Hello, I just wanted to bring the Licensing issue back to everyone's attention. At least in part due to the recent announcements today about the recent studies about open source code and potential violations.http://techcrunch.com/2011/03/08/potent ... -ios-apps/
Also, Microsoft has come out an stated that GPL and LGPL licensed code is not permitted in the mobile 7 marketplace.http://www.theregister.co.uk/2011/03/09 ... ic_survey/
Also, Google itself explains some of the issues surrounding LGPL in Android: http://source.android.com/source/licenses.html
Finally I point to FSF: http://www.gnu.org/licenses/lgpl-java.html
I see many comments about "what I will do" and "this is what I'll do". But these actions, if not in compliance with the provisions of LGPL, will do you no good in an action for violation of license terms. So, merely stating on a website that you used andengine in your app is not sufficient and you are still in violation of license provisions. There is no "good enough", there is what the license requires and whether you meet these requirements fully or not.
The main aspects of the LGPL that make it difficult for compliance is based in how android applications are packaged and distributed. Google itself states that: "LGPL (in simplified terms) requires either: shipping of source to the application; a written offer for source; or linking the LGPL-ed library dynamically and allowing users to manually upgrade or replace the library. Since Android software is typically shipped in the form of a static system image, complying with these requirements ends up restricting OEMs' designs. (For instance, it's difficult for a user to replace a library on read-only flash storage.)"
This is a very simplified analysis of the LGPL but it serves its purpose in describing the issues. No commercial app will want to either provide source, or provide a written offer for source. SO we are left with the third option, which is dynamically replacing the library. Now, in traditional java applications this may be possible by bundling jar files and allowing replacement libraries. However, as google has stated and is evident to all here, it is not so simple to replace the andengine jar file in a compiled and distributed apk.
If we look to the LGPL itself, the section at issue is section 4:http://www.gnu.org/licenses/lgpl-3.0.html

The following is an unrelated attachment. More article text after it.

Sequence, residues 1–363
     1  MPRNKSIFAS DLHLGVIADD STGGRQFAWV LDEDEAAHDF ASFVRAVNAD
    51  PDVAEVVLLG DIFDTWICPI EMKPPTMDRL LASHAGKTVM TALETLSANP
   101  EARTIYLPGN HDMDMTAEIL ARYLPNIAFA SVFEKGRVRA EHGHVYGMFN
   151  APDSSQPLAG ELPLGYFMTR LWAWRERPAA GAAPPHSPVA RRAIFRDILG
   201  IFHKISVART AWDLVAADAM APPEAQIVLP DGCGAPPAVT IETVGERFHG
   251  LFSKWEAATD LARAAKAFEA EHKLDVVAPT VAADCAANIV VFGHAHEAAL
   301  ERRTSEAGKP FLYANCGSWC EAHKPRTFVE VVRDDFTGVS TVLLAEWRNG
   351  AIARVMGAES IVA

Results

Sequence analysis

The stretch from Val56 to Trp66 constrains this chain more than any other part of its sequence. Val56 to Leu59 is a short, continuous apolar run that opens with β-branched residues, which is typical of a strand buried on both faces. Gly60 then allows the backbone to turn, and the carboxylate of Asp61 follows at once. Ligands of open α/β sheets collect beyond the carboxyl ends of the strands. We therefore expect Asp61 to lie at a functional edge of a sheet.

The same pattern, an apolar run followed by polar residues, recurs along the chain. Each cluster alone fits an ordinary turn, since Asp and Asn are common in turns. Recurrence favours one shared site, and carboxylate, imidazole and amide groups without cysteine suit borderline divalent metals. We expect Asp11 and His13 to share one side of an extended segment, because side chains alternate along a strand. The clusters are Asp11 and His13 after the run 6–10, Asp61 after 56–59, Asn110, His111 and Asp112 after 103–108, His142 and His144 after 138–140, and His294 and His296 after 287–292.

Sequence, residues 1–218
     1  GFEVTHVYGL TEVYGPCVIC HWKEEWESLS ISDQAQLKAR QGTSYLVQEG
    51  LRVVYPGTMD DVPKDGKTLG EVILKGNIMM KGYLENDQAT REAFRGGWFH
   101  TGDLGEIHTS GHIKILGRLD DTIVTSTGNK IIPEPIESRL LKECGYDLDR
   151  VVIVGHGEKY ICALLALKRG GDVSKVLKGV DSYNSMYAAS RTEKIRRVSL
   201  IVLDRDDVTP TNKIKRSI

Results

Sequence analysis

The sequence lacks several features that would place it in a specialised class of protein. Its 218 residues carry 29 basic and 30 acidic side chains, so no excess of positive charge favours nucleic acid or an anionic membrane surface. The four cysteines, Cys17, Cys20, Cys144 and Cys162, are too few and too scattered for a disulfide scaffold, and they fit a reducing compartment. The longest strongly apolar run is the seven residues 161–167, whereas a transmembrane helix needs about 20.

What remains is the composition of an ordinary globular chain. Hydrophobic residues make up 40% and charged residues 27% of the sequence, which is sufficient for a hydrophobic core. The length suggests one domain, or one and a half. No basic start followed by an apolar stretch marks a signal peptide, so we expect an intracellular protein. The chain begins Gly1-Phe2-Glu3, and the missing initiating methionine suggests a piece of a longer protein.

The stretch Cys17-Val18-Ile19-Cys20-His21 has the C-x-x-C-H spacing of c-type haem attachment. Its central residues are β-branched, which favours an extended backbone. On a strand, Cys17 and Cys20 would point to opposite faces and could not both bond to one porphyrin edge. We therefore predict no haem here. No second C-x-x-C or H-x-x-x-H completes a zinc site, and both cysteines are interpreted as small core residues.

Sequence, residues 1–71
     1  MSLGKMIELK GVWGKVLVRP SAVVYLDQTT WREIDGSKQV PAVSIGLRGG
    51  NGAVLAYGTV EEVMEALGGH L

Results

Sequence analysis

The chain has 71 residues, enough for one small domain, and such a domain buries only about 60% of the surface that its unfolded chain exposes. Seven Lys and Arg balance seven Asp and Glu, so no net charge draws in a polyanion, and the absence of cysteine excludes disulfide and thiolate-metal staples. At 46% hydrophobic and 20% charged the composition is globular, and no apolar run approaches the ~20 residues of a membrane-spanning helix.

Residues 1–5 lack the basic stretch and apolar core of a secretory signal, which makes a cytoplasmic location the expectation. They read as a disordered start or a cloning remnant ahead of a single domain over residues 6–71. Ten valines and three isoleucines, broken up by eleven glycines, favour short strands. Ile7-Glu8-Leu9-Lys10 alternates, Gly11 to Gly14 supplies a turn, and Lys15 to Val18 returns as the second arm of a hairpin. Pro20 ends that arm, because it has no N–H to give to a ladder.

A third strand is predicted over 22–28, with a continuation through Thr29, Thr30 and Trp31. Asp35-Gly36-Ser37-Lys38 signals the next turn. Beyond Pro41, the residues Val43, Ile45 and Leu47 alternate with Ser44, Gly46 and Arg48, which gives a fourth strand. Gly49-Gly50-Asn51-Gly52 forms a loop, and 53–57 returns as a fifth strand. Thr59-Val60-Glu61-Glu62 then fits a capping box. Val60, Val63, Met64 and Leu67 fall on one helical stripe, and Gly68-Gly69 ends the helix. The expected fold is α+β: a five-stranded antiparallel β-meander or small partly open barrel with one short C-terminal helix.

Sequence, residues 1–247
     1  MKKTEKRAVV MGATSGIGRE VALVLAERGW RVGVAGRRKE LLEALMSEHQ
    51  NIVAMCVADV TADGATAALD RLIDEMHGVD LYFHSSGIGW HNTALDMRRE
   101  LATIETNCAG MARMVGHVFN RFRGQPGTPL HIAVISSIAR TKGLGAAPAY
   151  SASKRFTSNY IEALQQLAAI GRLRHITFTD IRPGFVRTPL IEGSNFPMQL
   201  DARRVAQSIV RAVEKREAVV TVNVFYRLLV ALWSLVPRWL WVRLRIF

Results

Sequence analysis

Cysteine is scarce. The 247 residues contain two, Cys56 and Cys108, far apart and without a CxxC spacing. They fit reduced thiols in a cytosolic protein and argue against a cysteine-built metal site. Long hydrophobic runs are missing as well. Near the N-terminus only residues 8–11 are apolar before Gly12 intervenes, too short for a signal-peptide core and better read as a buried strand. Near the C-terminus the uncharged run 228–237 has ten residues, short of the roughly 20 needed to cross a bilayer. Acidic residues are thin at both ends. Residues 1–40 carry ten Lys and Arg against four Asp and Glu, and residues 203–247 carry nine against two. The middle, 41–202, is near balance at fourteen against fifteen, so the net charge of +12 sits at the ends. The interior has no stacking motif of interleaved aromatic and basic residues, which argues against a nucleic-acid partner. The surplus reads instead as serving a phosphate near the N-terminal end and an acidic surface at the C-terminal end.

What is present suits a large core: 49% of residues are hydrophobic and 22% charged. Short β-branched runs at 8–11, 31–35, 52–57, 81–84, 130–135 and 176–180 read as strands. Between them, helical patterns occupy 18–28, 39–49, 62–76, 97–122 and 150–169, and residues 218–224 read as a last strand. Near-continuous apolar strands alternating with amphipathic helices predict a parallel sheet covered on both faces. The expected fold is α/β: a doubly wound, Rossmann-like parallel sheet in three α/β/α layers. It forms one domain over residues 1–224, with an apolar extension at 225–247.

Subsections a,b,c are not an issue, however, subsection d is the offending portion of code. d(1) may be possible if all andengine applications are able to externally link to a user-downloaded/installed copy of andengine, but that isn't very likely.
d(0) is the main requirement that is the the source of difficulty for LGPL and andengine.Convey the Minimal Corresponding Source under the terms of this License, and the Corresponding Application Code in a form suitable for, and under terms that permit, the user to recombine or relink the Application with a modified version of the Linked Version to produce a modified Combined Work, in the manner specified by section 6 of the GNU GPL for conveying Corresponding Source.
As google has itself said, this is nearly impossible to do given the structure of Android apk and distribution.
Thus, I still believe that this is of concern for Andengine's continued use and growth. I simply believe that GPL and LGPL may simply be incompatible given the distribution schemes (no possibility for compliance). Further, the GPL and LGPL were originally aimed at large corps making a lot of money off of open code. While there are large players in the mobile app market, many are independent devs attempting to make something great. Restrictive or ambiguous licensing will only harm adoption by the smaller companies/indi devs while the large devs already have budgets to roll their own or hire attorneys to navigate the licensing issues.
I agree with some others here that it would be beneficial to change the license of Andengine to an Apache-type license that allows for more flexibility and is more compatible with Android distribution.
I don't think it would change the willingness of people to communicate changes/ideas or to indicate use of andengine in their apps/games. I also think that such a change may ATTRACT more people to Andengine allowing for more lucrative secondary markets and/or support. For example, look at some of the Cocos 2d secondary markets (src code, books, support).